When Weight-Loss Wanes
If the meaning of insanity is doing the same thing again and again but always expecting a different outcome, I must be certifiable. Why am I running an hour almost every day, thinking the scale might finally tip to within 10 pounds of my goal? I have this thought each morning while programming (read: punching) my weight into the treadmill console. Though the first 8 pounds came off relatively quickly, and I've been good about eating light and exercising, I am the same lousy weight I was five months ago.
Is Your Scale Stuck?
Turns out there's a good reason so many of us hit the "final 10" wall. In a word: biology. "All of us have a built-in mechanism that protects against starvation. When caloric intake falls below caloric expenditure, a series of metabolic and physiological responses kick in to preserve and replenish energy stores," explains Barry Levin, MD, professor and vice chair of the department of neurology and neurosciences at the New Jersey Medical School in Newark. So when you first begin to shed pounds, your metabolic rate slows, your energy use becomes more efficient, and your brain starts sending SOS messages that you're hungry. By the time you're down to the last 10 pounds? Your body is fighting to recover and will hang on to every ounce tighter and tighter.
That anyone manages to keep lost weight off and continue to lose is a testament to that person's determination. After all, motivation is highest at the outset, when the first dropped pounds are mainly water, says Judith S. Beck, PhD, director of the Beck Institute for Cognitive Therapy and Research in Philadelphia and author of The Beck Diet Solution. "But once weight loss slows or plateaus, impatience can creep in," she notes. What's more, with your last 10, the finish line is in sight, so you want to sprint.
Don't Fixate on the Number
So what's a frustrated woman to do? Beck recommends reassessing your goal weight; you may not need to lose any more pounds. "Perhaps you can reach your number. But the question to ask yourself is, once you get there, can you maintain approximately the same exercise and diet pace for the rest of your life?" she says. Instead of aiming for your lowest achievable weight, you might want to shoot for your lowest maintainable weight. "It's not giving up," she adds. "It's being realistic and shifting to a maintenance strategy before you get completely demoralized."
Another good way to gauge whether you've lost enough weight is to consider your body fat, says Dr. Levin. The simplest test is to see where it's deposited. "If it's in your stomach, you probably ought to keep trying, since abdominal fat poses a real health risk for everything from diabetes to breast cancer." See "The Best Way to Beat Belly Flab." But if the fat is in your hips and butt and your body-mass index is within the healthy range (18.5 to 24.9), Dr. Levin suggests rethinking your desire to lose those last 10 pounds. "They're probably not medically harmful, and in trying to get rid of them, you'll be triggering all of those protective mechanisms that in turn make it even harder to mobilize the fat," he explains.
Alternatively, measure your waist and hips. "If your waist is bigger, your risk of chronic disease is increased," says Diane Finegood, PhD, scientific director of the Canadian Institute of Health Research's Institute of Nutrition, Metabolism and Diabetes in Vancouver. In this case, you have medical cause to lose more weight; the same goes if your waist measures more than 35 inches.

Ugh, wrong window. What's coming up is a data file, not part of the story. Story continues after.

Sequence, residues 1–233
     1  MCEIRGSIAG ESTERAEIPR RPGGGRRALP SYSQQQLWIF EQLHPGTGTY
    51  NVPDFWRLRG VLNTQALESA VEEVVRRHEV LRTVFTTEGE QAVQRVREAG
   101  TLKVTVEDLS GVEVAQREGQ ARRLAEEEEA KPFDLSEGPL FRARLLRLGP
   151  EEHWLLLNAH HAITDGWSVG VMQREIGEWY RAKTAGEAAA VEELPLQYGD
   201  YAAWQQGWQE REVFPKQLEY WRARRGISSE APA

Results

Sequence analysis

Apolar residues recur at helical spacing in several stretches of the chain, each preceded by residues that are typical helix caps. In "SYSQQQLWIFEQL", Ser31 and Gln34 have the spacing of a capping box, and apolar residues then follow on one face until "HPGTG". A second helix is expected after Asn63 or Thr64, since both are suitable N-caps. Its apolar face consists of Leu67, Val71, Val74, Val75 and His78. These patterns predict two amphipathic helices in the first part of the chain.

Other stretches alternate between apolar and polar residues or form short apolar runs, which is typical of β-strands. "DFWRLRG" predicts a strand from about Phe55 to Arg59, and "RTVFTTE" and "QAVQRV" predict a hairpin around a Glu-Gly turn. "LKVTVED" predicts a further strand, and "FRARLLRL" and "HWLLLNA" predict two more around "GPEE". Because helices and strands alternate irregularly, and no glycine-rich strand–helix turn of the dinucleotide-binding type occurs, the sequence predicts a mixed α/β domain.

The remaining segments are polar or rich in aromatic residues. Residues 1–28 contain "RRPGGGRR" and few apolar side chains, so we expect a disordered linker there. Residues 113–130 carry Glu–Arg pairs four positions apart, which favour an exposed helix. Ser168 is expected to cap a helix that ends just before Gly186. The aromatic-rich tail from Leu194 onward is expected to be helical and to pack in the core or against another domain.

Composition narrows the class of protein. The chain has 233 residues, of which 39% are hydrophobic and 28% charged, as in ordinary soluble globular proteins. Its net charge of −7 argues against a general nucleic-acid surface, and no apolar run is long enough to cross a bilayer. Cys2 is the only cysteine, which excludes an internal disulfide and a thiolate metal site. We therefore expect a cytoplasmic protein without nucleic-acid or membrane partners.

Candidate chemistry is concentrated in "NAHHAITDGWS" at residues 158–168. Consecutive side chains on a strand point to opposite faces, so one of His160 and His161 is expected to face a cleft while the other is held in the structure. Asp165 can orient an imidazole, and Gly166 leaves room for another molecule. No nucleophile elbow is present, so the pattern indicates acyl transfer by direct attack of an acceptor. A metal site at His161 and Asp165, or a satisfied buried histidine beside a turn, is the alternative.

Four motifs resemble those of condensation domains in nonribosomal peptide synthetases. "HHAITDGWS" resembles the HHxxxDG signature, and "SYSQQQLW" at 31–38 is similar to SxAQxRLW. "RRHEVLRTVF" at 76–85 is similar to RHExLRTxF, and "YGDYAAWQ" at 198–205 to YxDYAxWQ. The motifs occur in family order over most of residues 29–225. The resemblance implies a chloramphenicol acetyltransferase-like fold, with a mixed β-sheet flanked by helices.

Finally, there's your body-fat composition, the percentage of your body that is fat. This number is a far better measure of how fit you are than what the scale tells you, because muscle is denser than fat, says Steve Ball, PhD, an assistant professor of exercise physiology at the University of Missouri at Columbia. You can determine this number in several ways, but the one method you can use at home is bioelectrical impedance analysis, which calculates body fat based on how quickly an electrical signal moves through your body. Nowadays, it's available as a scale. (A great one is Tanita's FDA-approved InnerScan Body Composition Monitor, model BC-533; $120.) What's the number to target? "There's no absolute, but women generally want to be under 35 percent," says Ball.
Getting the Scale to Budge
If you still feel you could stand to lose the last 10, experts agree you need to change things up (and not, as I did, optimistically stay the course). Here are four strategies.
Scrutinize your diet. It's likely you've become a little loose with your program, Beck points out. To correct this, she recommends writing down what you plan to eat for the day and checking off each item as you go. "Just doing this will often make people more conscious of what they're eating and help them to regain control," Beck explains.
Slash 100 calories from your daily intake. You may need to cut back more than before, since the lighter you are, the fewer calories you may need. "When you're on a trajectory of losing weight, you've got to continually reduce intake," says Finegood.
Increase the number of calories you burn. Longer workouts aren't necessarily the solution, says Ryan Andrews, RD, an exercise physiologist at Johns Hopkins Weight Management Center. Try a new activity to work different muscles. "Or bump up your speed or intensity level, or do intervals," Andrews suggests.
Switch your workout to a different part of the day or go to a different gym. This will make your routine feel fresh again. "Change is stimulating, and it can motivate you to exercise harder," Ball says.
Personally? I'm taking my run outside for a change of terrain and scenery; I've had enough of staying in one place, both body and weight. And now when I get on the scale, I remember it's just a number — not the only reflection of my health.